The role of the Director of National Intelligence (DNI) is in the news this week with the announcement that current DNI Dan Coats will be stepping down. Coats has served in the role since March of 2017. Some are suggesting Coats move is in response to political disagreements with the White House. Coats’ term in office is actually the second longest, following retired Lt. Gen. James Clapper’s six years in the role.

The White House has already announced its next pick for DNI – Rep. John Ratcliffe (R-TX). Ratcliffe is an attorney who has served in congress since 2015, but he’ll face a difficult Senate confirmation on his way to the intelligence community’s cabinet-level role.

What’s the Role of the DNI?

The DNI is a relatively new role, and was creating in the IC’s realignment following September 11. The role was first recommended by the 9/11 Commission Report. The role was codified in the Intelligence Reform and Terrorism Prevention Act, which was signed into law in 2004. Prior to the creation of the DNI, the Director of the CIA served as a head of the IC. The DNI is intended to lead and manage the IC. Its functions include:

  • Integration Management Council
  • National Intelligence Council
  • Mission Integration Division
  • National Counterterrorism Center
  • National Counterproliferation Center
  • Office of the National Counterintelligence Executive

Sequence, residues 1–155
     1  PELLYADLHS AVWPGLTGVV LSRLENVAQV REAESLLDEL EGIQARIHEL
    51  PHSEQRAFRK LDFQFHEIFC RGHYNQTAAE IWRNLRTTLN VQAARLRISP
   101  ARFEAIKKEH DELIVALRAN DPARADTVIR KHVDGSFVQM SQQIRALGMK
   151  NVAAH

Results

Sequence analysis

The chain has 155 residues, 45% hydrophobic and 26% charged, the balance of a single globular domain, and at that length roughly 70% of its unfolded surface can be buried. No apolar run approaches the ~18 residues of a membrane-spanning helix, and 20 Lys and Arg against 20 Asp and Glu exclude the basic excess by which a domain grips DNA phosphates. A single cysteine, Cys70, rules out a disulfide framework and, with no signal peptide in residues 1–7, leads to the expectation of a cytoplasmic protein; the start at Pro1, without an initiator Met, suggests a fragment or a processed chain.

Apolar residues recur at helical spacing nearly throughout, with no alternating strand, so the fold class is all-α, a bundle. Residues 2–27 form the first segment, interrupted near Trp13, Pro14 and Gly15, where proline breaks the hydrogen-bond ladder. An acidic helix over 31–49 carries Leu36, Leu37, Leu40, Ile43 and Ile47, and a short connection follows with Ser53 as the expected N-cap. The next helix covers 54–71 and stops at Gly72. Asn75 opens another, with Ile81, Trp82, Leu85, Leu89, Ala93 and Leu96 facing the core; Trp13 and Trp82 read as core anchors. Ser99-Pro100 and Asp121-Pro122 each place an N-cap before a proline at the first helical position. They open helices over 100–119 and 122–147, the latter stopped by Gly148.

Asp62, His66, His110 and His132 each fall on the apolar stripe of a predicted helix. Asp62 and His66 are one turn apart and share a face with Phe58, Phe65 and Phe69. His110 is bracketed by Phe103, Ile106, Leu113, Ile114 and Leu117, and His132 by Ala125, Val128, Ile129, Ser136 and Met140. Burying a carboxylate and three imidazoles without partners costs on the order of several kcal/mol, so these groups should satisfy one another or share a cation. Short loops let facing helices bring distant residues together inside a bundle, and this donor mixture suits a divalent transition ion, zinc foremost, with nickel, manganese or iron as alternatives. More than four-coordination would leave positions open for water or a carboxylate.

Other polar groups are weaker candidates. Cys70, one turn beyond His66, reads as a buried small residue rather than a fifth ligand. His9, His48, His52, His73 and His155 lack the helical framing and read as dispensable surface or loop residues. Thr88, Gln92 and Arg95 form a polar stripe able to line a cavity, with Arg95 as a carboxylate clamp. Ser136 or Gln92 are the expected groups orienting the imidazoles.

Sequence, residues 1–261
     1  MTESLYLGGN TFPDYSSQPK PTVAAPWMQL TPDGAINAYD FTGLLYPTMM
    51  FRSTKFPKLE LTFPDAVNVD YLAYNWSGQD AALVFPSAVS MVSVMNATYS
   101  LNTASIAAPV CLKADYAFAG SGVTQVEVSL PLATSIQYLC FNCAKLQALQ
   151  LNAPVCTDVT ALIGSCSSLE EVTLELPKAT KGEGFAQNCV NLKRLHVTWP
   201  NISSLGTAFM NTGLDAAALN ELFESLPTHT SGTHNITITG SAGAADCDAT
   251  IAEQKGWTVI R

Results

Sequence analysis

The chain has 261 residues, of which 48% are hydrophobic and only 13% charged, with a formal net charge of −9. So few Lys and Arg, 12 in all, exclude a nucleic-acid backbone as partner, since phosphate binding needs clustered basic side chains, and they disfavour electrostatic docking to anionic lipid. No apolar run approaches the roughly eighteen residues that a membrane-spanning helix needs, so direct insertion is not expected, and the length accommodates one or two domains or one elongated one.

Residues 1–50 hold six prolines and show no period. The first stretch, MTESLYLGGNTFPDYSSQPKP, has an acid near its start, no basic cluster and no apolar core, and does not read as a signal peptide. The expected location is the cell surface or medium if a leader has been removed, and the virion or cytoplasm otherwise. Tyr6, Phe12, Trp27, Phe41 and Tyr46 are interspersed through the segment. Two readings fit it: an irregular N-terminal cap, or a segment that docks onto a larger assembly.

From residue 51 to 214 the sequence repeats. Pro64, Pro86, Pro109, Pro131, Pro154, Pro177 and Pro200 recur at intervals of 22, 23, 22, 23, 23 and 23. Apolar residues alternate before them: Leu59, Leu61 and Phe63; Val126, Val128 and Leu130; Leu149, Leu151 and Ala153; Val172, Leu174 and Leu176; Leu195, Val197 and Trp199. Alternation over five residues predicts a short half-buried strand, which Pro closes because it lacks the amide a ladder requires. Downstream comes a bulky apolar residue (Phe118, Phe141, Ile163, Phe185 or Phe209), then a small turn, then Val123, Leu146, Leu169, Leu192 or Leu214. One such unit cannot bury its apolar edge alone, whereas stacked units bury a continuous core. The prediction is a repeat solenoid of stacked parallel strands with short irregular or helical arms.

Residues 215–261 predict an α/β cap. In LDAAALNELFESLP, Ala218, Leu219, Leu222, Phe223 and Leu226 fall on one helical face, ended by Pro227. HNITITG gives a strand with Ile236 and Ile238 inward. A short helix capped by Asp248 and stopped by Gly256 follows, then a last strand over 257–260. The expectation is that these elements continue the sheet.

The DNI provides the President’s Daily Brief. The role of the DNI is primarily to advise the president of the workings of the IC. In the security clearance process, the DNI serves the role of Security Executive Agent. The SecEA is responsible for developing and implementing procedures for security clearance investigations and adjudications across all agencies of the government. Within the DNI, the National Counterterrorism Center Special Security Directorate has oversight of SecEA functions on behalf of the DNI. The Suitability and Security Clearance Performance Accountability Council helps the president accomplish objectives around security clearance reform efforts. They are currently providing progress updates on reform efforts including the transfer of the background investigations mission to the Department of Defense, improvements in security clearance technology, and continuous evaluation.

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Lindy Kyzer is the editor of She loves the NISPPAC, social media, and the U.S. military. Have a conference, tip, or story idea to share? Email Interested in writing for Learn more here.